It occured to me this afternoon that the route to happiness I described in my 1st Happiness article has a paradoxical flavour. The very ellusiveness of happiness, being achieved by an attitude of mind rather than from events or things is in the end its robust saviour, making it immune from events in your life.
Consider a couple saying to themselves that when we get the extension completed and sort out the dog infection, then things will be more ship shape and life will be back on an even keel and happiness will ensue.
Or when you get to the other side of a bad bout of flu, life will be rosy again.
We keep waiting for greener grass. If we simply accept the colour of grass we have now, then happiness will follow.
Acceptance seems to be a very pivotal psychological method. Vendettas, vengence, a sense of injustice are our instinctive behaviours, at least some of the time.
On a slightly different note, when some problem manifests itself, try to accept that it has happened, and see how you can focus on resloving or learning from the problem, rather than dwell on the bad emotions that follow the event.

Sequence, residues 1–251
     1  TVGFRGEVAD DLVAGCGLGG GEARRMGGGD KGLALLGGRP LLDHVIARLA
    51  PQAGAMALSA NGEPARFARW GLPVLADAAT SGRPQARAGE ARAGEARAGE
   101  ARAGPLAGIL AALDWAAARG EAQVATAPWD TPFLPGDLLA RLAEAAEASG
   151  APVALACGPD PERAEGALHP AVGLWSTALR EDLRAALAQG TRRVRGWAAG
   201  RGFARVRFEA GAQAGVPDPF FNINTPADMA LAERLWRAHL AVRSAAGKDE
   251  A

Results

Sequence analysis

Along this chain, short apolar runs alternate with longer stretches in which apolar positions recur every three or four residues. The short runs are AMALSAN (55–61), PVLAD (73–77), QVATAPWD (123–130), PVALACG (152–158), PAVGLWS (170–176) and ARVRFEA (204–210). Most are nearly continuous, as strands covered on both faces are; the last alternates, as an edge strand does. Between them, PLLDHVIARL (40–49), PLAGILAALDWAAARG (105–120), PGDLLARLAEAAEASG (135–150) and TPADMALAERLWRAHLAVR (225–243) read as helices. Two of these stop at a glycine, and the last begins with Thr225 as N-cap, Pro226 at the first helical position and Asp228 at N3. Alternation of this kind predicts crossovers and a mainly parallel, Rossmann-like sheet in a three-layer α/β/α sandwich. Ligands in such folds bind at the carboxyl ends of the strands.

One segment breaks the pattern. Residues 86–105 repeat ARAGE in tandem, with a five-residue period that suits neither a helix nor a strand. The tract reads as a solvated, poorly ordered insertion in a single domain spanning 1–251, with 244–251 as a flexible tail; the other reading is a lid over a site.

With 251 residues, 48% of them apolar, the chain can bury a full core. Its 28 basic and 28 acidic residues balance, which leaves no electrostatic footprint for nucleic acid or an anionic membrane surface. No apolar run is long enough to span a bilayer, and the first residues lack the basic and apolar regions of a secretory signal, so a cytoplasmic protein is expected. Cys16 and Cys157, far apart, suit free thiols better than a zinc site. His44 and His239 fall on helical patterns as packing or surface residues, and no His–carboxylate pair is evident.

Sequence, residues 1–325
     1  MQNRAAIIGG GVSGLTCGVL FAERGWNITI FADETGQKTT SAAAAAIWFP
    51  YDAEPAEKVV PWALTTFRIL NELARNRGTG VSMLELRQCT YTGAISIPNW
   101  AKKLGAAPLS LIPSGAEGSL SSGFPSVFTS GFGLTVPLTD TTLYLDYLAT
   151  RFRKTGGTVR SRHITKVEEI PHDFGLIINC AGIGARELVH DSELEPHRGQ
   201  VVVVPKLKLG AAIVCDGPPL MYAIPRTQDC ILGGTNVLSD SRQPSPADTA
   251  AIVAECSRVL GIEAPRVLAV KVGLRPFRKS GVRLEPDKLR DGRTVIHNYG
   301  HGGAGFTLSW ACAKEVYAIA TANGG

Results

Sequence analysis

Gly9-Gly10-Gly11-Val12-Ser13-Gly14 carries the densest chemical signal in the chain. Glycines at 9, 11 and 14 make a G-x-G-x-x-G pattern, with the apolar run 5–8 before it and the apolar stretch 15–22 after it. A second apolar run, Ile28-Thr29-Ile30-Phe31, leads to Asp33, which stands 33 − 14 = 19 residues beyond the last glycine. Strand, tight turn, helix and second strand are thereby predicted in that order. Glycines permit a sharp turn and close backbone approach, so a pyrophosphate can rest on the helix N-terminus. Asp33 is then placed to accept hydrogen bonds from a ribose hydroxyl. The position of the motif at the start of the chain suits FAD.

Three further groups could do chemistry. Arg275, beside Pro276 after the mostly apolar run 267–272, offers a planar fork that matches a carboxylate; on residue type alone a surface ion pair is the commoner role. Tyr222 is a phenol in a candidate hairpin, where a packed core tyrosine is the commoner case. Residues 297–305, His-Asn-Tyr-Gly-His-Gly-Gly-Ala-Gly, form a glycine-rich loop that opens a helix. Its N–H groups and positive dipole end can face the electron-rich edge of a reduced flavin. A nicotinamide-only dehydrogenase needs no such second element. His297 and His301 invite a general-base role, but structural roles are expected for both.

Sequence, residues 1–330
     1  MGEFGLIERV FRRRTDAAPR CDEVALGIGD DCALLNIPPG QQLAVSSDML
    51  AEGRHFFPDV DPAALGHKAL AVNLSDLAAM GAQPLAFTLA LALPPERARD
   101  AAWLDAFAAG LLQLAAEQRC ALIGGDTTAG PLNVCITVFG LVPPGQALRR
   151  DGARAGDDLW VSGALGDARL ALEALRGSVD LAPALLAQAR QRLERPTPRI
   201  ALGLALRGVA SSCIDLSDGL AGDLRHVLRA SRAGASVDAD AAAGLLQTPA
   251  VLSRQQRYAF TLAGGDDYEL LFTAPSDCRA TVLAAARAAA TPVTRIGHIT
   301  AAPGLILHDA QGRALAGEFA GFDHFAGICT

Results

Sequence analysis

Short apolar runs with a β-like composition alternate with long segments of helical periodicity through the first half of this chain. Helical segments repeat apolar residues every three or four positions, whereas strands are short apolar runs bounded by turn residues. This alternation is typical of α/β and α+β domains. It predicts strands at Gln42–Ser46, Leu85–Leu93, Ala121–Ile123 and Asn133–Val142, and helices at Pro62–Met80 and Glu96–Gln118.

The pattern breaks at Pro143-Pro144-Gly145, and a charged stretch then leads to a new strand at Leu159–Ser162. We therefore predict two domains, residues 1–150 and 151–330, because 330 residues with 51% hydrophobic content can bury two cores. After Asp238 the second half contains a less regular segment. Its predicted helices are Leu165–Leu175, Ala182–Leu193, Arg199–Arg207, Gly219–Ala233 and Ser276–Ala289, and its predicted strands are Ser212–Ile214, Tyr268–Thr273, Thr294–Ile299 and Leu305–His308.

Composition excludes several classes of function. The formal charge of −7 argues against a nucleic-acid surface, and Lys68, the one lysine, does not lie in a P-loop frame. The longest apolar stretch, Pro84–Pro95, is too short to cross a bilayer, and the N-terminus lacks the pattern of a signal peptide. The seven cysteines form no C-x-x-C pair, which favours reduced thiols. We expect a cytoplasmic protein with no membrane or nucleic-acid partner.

For example, having completed my book teaching the Oriental game of Go, I saw a review of a game I had on the Internet. It was particularly demeaning of my play. I naturally got upset. But, as has been my way, the emotions were so strong that I dwelt on them, and on the possible consequences – am I really a legitimate Go book author? Will my words mean that much to a beginner. I lost confidence in this book project.
Uncharactersitically, I chose to turn the problem around. I have had a number of copies of my book draft printed, and will now seek feedback from the intended audience. Better for beginners to tell me if my book for beginners helps them learn the game than guess that I am on the right track.
Problems can become leverages to new things, rather than sources of negative contemplation.